Edward Klofas

Publication Details

  • Oxygenation/ventilation of transported intubated adult patients: a national survey of organizational practices. Air medical journal Perez, L., Klofas, E., Wise, L. 2000; 19 (2): 55-58


    Transporting intubated patients is common among ground and air crews, and providing adequate oxygenation/ventilation through transport ventilators (TV) or manual ventilation (MV) is clinically challenging. However, very little data chronicle service or practice patterns of oxygenation/ventilation within the industry.During February 1998, a national sample of 250 air transport agencies was surveyed regarding activities and services surrounding this population of transported patients. One-hundred-ninety-three surveys (77%) were returned.Approximately 40% of responding agencies use rotor-wing transportation only. Various combinations of rotor-, fixed-wing, and critical care ground transport were reported among the sample. Crew configuration consisted primarily of RN/EMT-P (75%). For pre-hospital intubated patients, MV alone (37.3%), TV alone (10.9%), or a combination of MV and TV (43.5%) was used, depending on transport circumstances. Programs not involved in pre-hospital transports accounted for 8.3% of returned surveys. Interfacility transports used MV (6.8%), TV (39.4%), and a combination (53.4%). One respondent did not answer the question, accounting for 0.4% of the returned surveys. More than 75% of programs monitored oxygenation/ventilation during transport. Usually some combination of pulse oximetry and CO2 monitoring was used. More than half (59%) of reporting agencies transport more than 80 intubated adults each year.Considerable variation exists in practices involving the transport of intubated patients.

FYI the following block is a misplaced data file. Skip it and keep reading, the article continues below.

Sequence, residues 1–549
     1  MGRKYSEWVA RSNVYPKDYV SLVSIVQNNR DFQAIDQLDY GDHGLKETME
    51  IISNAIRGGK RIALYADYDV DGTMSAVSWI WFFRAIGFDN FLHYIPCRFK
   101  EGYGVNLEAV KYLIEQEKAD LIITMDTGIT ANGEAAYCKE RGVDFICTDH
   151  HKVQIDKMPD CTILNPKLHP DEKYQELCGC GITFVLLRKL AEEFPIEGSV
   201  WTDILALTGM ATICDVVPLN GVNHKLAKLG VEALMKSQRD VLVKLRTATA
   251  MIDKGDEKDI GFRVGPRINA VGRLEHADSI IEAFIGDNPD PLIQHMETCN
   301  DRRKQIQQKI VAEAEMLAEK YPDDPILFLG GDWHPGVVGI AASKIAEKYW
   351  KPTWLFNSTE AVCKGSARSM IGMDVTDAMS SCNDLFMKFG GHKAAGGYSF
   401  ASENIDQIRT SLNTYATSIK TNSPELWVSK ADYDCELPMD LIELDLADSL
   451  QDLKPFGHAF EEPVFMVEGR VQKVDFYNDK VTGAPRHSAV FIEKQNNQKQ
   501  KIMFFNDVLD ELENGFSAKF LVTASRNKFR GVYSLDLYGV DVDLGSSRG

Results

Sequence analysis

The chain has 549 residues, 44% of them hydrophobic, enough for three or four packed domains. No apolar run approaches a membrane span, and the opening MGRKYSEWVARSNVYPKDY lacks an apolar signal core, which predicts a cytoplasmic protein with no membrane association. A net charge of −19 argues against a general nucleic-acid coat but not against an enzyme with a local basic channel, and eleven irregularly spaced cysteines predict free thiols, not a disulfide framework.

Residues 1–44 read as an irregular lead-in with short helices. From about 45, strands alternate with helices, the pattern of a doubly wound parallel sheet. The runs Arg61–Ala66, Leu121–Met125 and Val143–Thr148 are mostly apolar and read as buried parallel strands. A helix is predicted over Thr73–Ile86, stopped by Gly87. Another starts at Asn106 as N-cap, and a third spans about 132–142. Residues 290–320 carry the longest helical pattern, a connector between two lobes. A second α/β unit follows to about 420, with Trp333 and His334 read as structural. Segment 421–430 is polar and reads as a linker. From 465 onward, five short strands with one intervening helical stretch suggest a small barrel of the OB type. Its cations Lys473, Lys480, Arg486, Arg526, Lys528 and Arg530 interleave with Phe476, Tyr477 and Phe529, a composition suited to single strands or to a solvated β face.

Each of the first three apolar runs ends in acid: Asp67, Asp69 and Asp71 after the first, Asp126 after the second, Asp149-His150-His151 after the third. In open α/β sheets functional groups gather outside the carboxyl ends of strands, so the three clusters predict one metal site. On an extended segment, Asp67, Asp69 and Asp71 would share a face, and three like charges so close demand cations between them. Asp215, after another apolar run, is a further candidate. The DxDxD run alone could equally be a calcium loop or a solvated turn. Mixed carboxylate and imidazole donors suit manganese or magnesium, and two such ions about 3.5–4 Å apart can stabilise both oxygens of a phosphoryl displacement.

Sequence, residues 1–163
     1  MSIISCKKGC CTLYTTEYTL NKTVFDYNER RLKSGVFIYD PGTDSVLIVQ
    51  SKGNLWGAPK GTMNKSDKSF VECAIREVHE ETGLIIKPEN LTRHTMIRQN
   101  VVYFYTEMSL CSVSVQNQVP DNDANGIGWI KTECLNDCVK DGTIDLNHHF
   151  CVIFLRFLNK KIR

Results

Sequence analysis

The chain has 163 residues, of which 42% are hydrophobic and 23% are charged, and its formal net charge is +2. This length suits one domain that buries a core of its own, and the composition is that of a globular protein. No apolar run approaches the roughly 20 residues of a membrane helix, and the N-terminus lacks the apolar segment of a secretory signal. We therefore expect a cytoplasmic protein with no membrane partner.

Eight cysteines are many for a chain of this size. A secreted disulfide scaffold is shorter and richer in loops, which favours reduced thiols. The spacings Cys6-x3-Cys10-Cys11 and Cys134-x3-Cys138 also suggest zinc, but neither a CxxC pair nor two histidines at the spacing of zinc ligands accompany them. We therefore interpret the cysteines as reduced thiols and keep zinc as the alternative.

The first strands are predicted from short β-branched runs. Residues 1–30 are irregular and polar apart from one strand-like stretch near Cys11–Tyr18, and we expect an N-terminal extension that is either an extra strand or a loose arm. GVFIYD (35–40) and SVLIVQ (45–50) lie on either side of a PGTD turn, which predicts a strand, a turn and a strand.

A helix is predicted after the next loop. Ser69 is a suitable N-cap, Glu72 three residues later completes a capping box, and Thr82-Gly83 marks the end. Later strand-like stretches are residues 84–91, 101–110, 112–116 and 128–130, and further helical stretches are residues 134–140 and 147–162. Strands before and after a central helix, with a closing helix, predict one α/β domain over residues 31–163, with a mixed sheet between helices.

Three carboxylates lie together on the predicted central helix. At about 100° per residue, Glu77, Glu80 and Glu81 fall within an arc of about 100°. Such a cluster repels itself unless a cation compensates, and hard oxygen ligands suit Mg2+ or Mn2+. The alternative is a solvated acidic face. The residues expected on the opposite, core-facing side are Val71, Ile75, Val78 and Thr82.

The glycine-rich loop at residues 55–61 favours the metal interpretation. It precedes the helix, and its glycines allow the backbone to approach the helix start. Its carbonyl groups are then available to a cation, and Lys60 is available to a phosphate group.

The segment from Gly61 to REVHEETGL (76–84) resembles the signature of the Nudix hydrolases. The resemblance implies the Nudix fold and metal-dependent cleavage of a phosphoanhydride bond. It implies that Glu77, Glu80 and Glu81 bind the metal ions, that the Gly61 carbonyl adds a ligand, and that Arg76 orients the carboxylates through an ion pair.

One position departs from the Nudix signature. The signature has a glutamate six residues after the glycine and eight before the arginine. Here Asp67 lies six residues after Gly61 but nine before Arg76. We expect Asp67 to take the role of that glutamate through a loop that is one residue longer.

View details for PubMedID 11010378

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